military service but in Congress and at the polls, regardless of
whether it is right or not, merely because it happens to be one's own
country, is surely partisanship of the worst possible kind.
thoughtless man may be a partisan for his country right or wrong, and
yet be a safe neighbor; but he who is not thoughtless, he who takes
that ground intelligently, is a man to beware of. If in any national
emergency he would be for his country right or wrong, he is not
unlikely in a personal emergency to be for himself right or wrong. As
one's country is only one's larger self, it should be the highest
aspiration of patriotism to condemn our country wrong, at least as
heartily as we praise our country right.
is to be feared, however, that most patriotism is of the reprehensible
partisan order. How many patriotic Englishmen knew or cared whether
England was right or wrong in the Boer war? How many patriotic
Americans knew or cared whether the United States were right in trying
to subjugate peoples in the Orient? It was enough to most of them to
know that their country was fighting. Whether it was for liberty or for
conquest, for defense or aggression, for plunder or power or peace, was
in their view of less than secondary importance. The one fact that the
country was their country gave color to their opinions on every
question involved. All such partisans form their opinions according to
the side they take, instead of taking sides according to the opinions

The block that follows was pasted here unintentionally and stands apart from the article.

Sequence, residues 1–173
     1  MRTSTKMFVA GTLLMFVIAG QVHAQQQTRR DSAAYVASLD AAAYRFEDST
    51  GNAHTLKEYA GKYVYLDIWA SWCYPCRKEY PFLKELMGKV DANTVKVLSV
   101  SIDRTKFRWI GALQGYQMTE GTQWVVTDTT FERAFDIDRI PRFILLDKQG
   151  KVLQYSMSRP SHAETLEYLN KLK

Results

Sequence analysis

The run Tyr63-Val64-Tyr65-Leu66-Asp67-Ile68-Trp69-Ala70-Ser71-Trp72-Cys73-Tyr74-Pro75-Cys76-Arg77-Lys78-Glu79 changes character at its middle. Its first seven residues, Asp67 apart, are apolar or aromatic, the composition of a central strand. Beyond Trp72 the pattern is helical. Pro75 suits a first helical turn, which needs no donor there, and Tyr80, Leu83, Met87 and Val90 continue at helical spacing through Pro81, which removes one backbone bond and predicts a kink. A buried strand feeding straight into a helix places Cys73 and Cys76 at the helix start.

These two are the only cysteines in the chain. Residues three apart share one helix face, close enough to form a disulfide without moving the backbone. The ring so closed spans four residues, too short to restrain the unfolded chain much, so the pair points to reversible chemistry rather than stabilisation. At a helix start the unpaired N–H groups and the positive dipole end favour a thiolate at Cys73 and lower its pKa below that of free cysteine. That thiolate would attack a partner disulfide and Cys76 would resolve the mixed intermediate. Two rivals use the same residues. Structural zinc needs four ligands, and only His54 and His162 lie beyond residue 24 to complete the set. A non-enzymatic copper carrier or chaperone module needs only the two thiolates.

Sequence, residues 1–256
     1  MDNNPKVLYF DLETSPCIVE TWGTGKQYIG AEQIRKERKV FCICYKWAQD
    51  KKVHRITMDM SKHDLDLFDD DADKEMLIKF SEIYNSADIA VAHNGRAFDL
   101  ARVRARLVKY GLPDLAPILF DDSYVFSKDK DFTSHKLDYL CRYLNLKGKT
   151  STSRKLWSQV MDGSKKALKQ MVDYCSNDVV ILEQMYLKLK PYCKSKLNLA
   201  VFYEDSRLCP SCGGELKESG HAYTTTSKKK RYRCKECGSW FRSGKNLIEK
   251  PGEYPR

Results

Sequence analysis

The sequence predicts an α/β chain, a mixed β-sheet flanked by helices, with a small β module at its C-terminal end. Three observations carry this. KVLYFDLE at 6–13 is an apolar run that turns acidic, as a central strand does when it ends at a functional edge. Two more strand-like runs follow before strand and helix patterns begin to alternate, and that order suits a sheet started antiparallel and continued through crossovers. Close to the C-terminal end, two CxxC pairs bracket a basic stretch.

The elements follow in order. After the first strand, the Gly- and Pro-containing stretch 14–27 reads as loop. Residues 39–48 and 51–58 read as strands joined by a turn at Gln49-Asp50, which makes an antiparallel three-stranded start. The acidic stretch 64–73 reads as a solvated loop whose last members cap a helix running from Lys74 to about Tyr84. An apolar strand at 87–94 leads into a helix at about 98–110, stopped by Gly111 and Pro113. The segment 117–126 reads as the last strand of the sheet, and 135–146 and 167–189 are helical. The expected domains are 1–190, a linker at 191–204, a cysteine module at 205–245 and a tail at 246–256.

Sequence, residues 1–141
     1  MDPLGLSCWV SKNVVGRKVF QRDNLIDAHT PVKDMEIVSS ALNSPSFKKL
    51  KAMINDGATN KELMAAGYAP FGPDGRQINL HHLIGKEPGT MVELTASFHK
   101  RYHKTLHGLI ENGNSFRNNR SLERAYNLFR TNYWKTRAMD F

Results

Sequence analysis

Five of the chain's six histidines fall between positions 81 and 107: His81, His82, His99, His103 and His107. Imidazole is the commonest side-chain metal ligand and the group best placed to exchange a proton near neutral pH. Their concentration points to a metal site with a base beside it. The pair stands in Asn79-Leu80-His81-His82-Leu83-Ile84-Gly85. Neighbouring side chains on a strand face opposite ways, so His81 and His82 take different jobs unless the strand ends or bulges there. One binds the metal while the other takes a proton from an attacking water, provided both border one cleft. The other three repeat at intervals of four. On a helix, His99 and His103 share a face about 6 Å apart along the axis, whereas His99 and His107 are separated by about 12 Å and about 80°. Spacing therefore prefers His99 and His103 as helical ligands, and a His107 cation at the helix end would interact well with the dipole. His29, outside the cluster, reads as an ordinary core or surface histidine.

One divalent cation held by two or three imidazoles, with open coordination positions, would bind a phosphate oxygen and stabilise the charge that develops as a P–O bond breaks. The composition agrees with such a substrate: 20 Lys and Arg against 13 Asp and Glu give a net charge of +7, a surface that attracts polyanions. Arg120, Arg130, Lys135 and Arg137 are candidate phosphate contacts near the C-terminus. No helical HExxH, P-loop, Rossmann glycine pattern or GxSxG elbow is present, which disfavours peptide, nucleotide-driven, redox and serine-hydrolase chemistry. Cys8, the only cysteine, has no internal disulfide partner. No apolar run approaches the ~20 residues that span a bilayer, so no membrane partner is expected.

they form. They belong to the order of partisanship which cannot be too
often nor too unsparingly condemned.
not every Englishman who applauded the annexation of the Transvaal, nor
every American who approved the subjugation of the Filipinos, was a
partisan of that order. There were those in both countries who were
with their country not merely because it was theirs, but because they
believed it to be right. Their partisanship was entitled to respect
because it was the legitimate offspring and not the illegitimate
progenitor of their opinions. They did not form their opinions
according to the side they took; they took sides according to the
opinions they formed.
is the universal test of partisanship. Whether in affairs of
patriotism, of church, of party politics, or anything else worth
thinking about and acting for, the man who takes his opinions from his
coterie -- be that coterie as small as a prayer meeting or as large as
an empire -- is a worthless partisan. He is worse than worthless. In
political parties he generates dry rot, in churches he is the nidus for
infidelity, in the nation he degrades patriotism to the cant of
hypocrites and the flag to a fetish. He is a partisan, but his
partisanship is not legitimate. The partisanship that gives life to all
it touches, and makes for intellectual and moral growth, is that which
results from opinions independently formed, courageously declared and
partisanship of this kind no man need be ashamed. It is not a badge of
servitude. It is a test of devotion to principle. The principle may be
wrong. But according to his understanding it is right. There can be no
devotion without partisanship. Neutrality, which is only another name
for non-partisanship, may be observed by the indifferent. To the
devoted it is impossible. In the great conflict of mental and moral
forces no one can be neutral. He must take sides or get out of the
fight. And if he takes sides under the inspiration of his brain cells
instead of his birth marks, he can afford to smile at the wheezy
complaints of innocuous non-partisans. *
* Non-partisans must not be confused with no-party men. One may be a no-party man and yet be a partisan -- a partisan of a cause.